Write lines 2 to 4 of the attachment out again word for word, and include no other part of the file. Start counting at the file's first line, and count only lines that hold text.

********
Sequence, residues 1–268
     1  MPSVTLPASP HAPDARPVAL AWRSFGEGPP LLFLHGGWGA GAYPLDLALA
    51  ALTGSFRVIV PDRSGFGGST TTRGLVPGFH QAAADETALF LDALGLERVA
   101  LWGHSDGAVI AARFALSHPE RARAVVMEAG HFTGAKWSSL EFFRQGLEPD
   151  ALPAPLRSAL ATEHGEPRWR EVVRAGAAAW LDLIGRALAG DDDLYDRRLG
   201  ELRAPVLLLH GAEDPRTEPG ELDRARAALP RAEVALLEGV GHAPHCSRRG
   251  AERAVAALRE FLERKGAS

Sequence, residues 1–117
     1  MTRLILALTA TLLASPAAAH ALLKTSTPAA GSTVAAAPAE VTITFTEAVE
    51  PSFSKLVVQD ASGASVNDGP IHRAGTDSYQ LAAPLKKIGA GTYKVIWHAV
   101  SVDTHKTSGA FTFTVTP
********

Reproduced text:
     1  MPSVTLPASP HAPDARPVAL AWRSFGEGPP LLFLHGGWGA GAYPLDLALA
    51  ALTGSFRVIV PDRSGFGGST TTRGLVPGFH QAAADETALF LDALGLERVA
   101  LWGHSDGAVI AARFALSHPE RARAVVMEAG HFTGAKWSSL EFFRQGLEPD